In England and Wales, cognitive behavioral therapy (cognitive therapy, CBT) has been part of official treatment guidelines for schizophrenia since 2002 (NICE, 2009, p. 212). The 2014 NICE guideline (NICE, 2014), which is based on the same meta-analytic evidence as its predecessor in 2009, recommends that it be offered to all people with schizophrenia, including first-episode patients and those with established illness, and to patients who are actively symptomatic and in remission. Similar recommendations are to be found in the Scottish SIGN guideline (SIGN, 2013) as well as those of several other countries (Rathod et al., 2010).
In 2012, however, the Cochrane collaboration sounded a discordant note, concluding that ‘[t]rial-based evidence suggests no clear and convincing advantage for cognitive behavioural therapy over other–and sometimes much less sophisticated–therapies for people with schizophrenia’ (Jones et al., 2012). A further challenge came from a 2014 meta-analysis carried out by ourselves (Jauhar et al., 2014), which found end of treatment effect sizes (ESs) that were uniformly in the small range [overall symptoms: 0.33 (95% CI 0.19–0.47), 34 studies; positive symptoms: 0.25 (95% CI 0.13–0.37), 33 studies; negative symptoms: 0.13 (95% CI 0.01–0.25), 34 studies] (note these and all further ESs are shown as a positive sign favoring CBT). A 2018 network meta-analysis of various psychological interventions to reduce positive symptoms in schizophrenia (Bighelli et al., 2018), carried out on a rather different dataset of 27 studies than us, again found pooled ESs for CBT in the small range, though this time at the upper end of this [v. treatment as usual (TAU): 0.30 (95% CI 0.14–0.45), 18 trials; v. inactive control interventions: 0.29 (95% CI 0.03–0.55), seven trials] (Bighelli et al., 2018). Most recently, a 2018 update of the 2012 Cochrane meta-analysis has continued to find no clear or convincing evidence of superiority on any measure apart from leaving the study early (Jones et al., 2018).
In the wake of a ‘viewpoint’ article examining whether it is right to continue to regard CBT as a gold standard for depression and anxiety (Leichsenring and Steinert, 2017), we consider the current status of this form of therapy in schizophrenia and the related psychotic disorders that are typically included in trials (schizoaffective disorder, delusional disorder, and psychosis not otherwise specified). We draw on what can legitimately be regarded as the two best sources of evidence, namely meta-analyses and large, well-conducted individual trials.
Is CBT effective in high-quality trials?
Figure 1 shows pooled ESs for positive symptoms, the class of symptoms that CBT was originally developed to treat, in meta-analyses carried out since 2001. A fall over time is evident, with meta-analyses carried out in the last 5 years all finding pooled ESs in the small range (0.1–0.3). It seems likely that this reflects the larger sample sizes and increased attention to methodological factors that have tended to characterize more recent trials.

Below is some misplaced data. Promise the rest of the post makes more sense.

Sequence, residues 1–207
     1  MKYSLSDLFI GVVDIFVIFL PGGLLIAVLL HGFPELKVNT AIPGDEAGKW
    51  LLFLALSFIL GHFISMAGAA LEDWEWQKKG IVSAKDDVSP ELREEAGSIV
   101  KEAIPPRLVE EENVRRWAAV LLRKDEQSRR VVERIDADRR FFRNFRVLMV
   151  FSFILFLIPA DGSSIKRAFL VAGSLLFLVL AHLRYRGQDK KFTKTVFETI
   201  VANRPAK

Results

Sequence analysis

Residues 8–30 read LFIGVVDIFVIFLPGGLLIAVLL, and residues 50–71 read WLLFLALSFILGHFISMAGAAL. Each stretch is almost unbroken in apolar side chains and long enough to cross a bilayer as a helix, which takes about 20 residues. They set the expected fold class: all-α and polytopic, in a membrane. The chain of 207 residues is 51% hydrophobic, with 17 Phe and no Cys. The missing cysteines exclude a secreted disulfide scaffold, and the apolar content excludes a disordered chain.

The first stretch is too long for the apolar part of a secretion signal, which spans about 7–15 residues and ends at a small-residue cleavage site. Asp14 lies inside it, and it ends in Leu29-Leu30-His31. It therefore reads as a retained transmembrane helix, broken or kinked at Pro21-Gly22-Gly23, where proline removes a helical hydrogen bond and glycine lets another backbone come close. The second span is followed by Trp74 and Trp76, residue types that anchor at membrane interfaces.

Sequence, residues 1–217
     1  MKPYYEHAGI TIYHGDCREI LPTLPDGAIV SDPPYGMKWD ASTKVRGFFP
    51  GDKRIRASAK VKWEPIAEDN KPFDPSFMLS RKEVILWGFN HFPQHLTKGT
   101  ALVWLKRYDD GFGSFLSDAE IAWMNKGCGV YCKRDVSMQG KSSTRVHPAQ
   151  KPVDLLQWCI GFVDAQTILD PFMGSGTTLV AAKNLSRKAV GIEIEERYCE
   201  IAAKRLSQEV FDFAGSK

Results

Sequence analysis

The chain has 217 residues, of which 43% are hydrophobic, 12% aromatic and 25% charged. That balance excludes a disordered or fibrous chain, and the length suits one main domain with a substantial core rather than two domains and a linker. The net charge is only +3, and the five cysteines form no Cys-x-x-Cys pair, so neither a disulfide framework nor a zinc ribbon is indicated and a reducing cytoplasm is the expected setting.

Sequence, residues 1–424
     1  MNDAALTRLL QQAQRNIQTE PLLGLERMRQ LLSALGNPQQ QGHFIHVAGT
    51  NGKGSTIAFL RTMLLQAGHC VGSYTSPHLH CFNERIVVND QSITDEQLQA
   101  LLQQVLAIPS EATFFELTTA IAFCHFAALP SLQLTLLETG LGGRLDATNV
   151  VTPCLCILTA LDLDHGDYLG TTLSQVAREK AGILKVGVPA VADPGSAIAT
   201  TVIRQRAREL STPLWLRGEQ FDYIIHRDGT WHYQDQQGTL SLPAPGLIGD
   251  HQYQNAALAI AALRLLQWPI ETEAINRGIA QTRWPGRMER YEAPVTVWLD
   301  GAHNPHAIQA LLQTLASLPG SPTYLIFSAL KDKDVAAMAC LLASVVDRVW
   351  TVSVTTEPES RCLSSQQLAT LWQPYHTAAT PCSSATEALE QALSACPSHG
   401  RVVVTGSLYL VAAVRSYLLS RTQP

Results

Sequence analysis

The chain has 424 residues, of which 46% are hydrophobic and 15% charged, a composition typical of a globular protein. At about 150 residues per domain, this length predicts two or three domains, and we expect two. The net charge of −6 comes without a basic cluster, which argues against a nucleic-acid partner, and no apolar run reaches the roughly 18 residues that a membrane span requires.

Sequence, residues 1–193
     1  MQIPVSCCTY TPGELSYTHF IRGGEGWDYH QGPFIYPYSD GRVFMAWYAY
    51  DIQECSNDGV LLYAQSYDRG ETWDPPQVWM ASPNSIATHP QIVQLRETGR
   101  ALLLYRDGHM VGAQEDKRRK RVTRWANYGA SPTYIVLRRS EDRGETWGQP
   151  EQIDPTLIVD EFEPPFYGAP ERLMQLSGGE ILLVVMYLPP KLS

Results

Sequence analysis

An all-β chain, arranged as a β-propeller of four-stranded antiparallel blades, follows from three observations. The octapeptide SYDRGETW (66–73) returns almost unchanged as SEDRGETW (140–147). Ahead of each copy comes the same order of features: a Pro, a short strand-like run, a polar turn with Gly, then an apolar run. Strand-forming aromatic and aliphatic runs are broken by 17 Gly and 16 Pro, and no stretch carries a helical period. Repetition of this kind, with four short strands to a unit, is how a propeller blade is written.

In our 2014 meta-analysis (Jauhar et al., 2014), we found a significant moderating effect of blinding: the pooled ES reduced from 0.33 to 0.15 (95% CI 0.03–0.27) in 20 trials of overall symptoms, and fell from 0.25 to non-significant levels [0.08 (95% CI −0.03–0.18) in 20 trials of positive symptoms (Jauhar et al., 2014)]. Bighelli et al. (2018) had more nuanced results in their network meta-analysis: they found the small but significant ES for CBT was maintained in blind studies when compared against TAU (0.27, 95% CI 0.13–0.41) but not against inactive control interventions (0.14, 95% CI −0.09–0.37).
Of course, blinding is not the only measure that contributes to trial quality – others include randomization (especially allocation concealment, the taking of steps to ensure that the randomization code cannot be broken, typically by use of remote allocation) (Schulz and Grimes, 2002a), and the use of measures to deal with incomplete outcome data (Schulz and Grimes, 2002b). In our meta-analysis (Jauhar et al., 2014), we addressed this broader issue by pooling data from studies that were rated as being at low risk of bias from all three of these factors. ESs for overall and positive symptoms were small and non-significant in these studies [overall symptoms: 0.15 (95% CI −0.01–0.32), eight studies; positive symptoms: 0.10 (95% CI −0.09–0.28), nine studies] (Jauhar et al., 2014, p. 22014). However, pooling data only from trials deemed to be at low risk of bias not only severely restricts the study base but also depends on information given by authors about their methodology, which may be scanty, especially in older studies. In these circumstances, findings from a very large, methodologically rigorous, ‘definitive’ trial would be of considerable interest.
One such trial, the POSITIVE trial of Klingberg et al. (2010), comes close to meeting these requirements. Begun in 2007, this aimed to recruit 330 people diagnosed with schizophrenia, schizoaffective disorder or delusional disorder, who were randomized to 9 months of CBT or an intervention designed to control for non-specific elements of therapeutic contact, supportive therapy. Randomization and blinding were state-of-the-art and analysis was planned to be by intention-to-treat. Publication of this trial has been delayed [for details see (see Coyne: http://blogs.plos.org/mindthebrain/2016/02/23/effect-of-a-missing-clinical-trial-on-what-we-think-about-cognitive-behavior-therapy)], but is now anticipated to appear in the near future.